I've long considered writing up a feature-request like this, making blockquoted text collapsable by default, but refrained because I worried it would open up too much opportunity for abuse.
The site has had a long history of users just blindly throwing around lists of evidences (not to mention blatant copy-paste of third-party articles) with little to no context, without the willingness (or apparently even the ability) to critically analyse them. And given that these are often posted in answers to questions that also don't demonstrate the willingness (or apparently even the ability) to critically analyse them, they rarely seem all that helpful to anyone.
Stack Exchange is geared toward focussed answers to focussed questions, and blind blanket-posts are anything but: As I see it, allowing one to hide such evidences to avoid distracting others is uncomfortably close to encouraging people to stuff their answers with evidences — which may be only tangentially relevant — just because they might be useful to someone (rather than take the effort to determine what actually is useful to the questioner and focus their post accordingly).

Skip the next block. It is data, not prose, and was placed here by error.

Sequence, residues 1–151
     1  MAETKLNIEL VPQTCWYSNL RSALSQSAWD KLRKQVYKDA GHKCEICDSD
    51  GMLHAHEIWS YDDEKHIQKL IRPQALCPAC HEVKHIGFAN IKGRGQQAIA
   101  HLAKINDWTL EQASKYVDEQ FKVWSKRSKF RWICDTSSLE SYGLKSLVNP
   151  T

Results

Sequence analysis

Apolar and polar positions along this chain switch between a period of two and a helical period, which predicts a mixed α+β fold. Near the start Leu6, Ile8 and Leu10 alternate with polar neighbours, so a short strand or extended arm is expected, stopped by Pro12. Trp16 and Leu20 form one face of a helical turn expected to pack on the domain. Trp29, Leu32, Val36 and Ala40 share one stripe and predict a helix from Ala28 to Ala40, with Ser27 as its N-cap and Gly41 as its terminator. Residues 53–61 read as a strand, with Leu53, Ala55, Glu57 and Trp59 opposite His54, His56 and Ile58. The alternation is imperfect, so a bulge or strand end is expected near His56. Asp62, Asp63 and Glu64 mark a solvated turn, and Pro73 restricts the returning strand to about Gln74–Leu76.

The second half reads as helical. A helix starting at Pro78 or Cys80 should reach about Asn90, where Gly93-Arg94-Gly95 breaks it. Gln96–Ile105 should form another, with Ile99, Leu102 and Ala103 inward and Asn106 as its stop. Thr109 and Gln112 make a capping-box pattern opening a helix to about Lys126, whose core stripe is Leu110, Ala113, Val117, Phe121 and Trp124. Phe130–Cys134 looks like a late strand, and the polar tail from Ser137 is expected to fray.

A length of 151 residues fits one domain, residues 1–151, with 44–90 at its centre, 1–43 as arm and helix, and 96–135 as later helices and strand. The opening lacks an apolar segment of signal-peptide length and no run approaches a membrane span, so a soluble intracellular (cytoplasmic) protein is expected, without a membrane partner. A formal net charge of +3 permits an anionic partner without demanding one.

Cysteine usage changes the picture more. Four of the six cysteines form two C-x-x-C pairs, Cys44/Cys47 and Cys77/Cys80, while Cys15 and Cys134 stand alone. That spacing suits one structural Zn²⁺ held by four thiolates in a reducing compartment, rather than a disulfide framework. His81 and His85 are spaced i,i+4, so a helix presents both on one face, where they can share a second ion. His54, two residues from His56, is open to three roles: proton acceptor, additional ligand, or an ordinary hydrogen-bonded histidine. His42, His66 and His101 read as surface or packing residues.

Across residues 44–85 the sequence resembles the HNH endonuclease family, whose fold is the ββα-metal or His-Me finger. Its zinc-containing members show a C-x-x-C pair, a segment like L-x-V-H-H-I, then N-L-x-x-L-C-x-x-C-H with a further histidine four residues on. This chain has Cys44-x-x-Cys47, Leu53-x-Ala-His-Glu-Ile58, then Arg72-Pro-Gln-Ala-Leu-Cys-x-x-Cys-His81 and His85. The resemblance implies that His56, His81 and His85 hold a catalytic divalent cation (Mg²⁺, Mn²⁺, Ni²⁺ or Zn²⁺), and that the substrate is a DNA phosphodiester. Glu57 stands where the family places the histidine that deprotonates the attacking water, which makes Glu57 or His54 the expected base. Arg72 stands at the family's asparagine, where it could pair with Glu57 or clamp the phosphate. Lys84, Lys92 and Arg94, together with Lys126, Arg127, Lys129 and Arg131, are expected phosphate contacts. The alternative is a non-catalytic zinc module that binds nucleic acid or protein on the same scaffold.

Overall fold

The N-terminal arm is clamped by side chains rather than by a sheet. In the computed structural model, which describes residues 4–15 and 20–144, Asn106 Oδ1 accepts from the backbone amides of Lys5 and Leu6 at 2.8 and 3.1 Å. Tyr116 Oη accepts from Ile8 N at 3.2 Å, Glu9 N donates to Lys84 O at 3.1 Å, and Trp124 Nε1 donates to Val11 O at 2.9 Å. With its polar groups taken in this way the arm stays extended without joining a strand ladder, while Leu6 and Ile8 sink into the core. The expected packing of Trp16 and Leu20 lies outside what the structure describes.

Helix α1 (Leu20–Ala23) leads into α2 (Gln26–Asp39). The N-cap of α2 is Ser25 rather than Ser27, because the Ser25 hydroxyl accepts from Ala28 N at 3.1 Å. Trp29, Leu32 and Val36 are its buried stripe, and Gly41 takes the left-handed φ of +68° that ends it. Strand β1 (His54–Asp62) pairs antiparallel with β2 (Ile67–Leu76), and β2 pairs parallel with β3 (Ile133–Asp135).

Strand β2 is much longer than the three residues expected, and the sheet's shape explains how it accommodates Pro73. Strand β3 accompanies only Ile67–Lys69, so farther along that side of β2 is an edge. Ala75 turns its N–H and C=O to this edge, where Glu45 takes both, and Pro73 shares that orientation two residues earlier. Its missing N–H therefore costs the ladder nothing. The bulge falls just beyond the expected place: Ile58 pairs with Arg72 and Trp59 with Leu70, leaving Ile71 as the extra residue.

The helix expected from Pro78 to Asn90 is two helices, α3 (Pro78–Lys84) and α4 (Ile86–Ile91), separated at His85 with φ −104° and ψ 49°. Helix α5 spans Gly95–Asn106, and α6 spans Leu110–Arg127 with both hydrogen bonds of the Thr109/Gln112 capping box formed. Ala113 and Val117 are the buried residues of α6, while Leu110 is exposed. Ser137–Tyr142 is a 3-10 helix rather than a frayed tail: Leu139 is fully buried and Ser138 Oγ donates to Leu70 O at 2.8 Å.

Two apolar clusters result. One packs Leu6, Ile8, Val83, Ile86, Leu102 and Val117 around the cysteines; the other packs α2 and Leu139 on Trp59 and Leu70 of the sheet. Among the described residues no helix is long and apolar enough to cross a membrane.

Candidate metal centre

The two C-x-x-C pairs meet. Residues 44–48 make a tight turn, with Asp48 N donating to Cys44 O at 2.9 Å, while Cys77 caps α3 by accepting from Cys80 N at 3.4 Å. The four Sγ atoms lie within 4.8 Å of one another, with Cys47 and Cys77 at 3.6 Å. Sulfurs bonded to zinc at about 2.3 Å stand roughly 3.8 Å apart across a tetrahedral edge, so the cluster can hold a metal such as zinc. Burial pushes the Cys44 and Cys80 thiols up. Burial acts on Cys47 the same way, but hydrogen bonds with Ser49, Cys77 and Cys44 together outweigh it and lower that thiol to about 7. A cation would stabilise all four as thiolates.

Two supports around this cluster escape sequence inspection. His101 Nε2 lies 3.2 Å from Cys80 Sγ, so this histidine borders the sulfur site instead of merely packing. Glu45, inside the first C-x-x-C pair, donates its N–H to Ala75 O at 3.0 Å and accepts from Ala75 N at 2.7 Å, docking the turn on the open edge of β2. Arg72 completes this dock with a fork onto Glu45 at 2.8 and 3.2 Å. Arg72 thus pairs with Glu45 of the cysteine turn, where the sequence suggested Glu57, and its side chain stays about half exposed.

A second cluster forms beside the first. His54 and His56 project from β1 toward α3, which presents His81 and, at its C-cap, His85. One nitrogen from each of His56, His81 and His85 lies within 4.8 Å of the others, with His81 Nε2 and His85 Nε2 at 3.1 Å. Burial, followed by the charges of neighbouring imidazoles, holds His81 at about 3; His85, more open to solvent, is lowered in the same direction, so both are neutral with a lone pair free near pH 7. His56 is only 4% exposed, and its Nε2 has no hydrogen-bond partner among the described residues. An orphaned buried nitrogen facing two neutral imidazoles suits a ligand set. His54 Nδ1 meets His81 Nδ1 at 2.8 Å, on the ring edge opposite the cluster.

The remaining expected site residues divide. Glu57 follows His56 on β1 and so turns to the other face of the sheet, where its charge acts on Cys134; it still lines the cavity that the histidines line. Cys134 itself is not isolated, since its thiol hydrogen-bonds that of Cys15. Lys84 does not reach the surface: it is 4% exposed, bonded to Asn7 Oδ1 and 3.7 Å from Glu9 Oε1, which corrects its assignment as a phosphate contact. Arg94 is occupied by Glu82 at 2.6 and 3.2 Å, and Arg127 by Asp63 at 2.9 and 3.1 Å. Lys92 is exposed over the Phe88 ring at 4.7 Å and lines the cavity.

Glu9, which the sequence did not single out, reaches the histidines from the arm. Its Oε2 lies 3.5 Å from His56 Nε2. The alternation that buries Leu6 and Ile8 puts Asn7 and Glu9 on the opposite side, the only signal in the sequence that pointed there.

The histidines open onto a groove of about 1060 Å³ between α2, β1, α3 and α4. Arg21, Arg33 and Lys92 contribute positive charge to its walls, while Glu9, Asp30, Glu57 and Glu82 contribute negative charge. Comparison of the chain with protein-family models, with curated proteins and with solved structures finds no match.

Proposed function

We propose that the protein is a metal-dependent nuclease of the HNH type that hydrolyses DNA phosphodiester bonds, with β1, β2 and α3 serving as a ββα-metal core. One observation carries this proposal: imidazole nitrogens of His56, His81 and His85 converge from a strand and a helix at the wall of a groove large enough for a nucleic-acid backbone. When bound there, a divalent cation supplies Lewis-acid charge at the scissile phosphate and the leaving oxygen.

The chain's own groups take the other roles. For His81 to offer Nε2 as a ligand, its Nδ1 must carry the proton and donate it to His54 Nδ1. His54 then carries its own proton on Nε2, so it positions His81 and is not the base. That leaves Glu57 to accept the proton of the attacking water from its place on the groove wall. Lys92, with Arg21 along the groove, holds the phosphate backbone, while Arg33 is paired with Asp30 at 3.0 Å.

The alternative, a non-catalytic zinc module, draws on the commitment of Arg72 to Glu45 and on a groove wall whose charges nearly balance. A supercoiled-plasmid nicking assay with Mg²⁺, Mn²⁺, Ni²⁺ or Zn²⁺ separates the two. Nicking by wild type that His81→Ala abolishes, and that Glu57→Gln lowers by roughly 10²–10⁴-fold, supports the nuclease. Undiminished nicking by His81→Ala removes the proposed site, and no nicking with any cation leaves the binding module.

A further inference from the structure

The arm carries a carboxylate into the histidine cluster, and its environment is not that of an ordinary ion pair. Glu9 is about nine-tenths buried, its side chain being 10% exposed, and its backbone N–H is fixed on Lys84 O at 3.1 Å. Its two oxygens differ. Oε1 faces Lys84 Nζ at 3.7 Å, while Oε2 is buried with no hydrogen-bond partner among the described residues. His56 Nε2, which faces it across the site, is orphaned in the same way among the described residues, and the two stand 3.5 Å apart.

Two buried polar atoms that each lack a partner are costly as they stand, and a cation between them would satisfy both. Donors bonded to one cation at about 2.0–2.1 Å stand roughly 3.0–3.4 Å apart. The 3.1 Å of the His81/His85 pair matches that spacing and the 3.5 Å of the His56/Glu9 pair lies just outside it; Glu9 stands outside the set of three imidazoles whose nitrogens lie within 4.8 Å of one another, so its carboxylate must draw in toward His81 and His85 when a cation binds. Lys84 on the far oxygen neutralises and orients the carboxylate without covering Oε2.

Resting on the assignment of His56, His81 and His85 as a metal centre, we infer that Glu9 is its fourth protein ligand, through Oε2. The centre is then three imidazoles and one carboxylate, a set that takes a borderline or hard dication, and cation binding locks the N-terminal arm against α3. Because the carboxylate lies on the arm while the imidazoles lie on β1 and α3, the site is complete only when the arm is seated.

In almost every case where I recall actually wanting to collapse lengthy evidences, it's less because they were distracting and more because they plain weren't adding anything useful to the actual answer. In such cases, they shouldn't just be masked, they probably shouldn't be there at all.
Now I'm not saying that this is the case at all with your own linked post; it appears well-written both in its original form and with the added block-quotes (although I would've gone with inline quotes, that's just a stylistic preference). But there's the rub: Your answer seems perfectly fine in both forms. Since there is no significant improvement by having the quotes, nor a significant improvement by removing the quotes, I don't see any significant improvement to be gained by adding a new feature to collapse the quotes.
The "spoiler" idea definitely has some merit here, but given the potential for abuse I would prefer to see more concrete examples where implementing it would show a marked improvement that can't be obtained by just pruning a bunch of irrelevant text.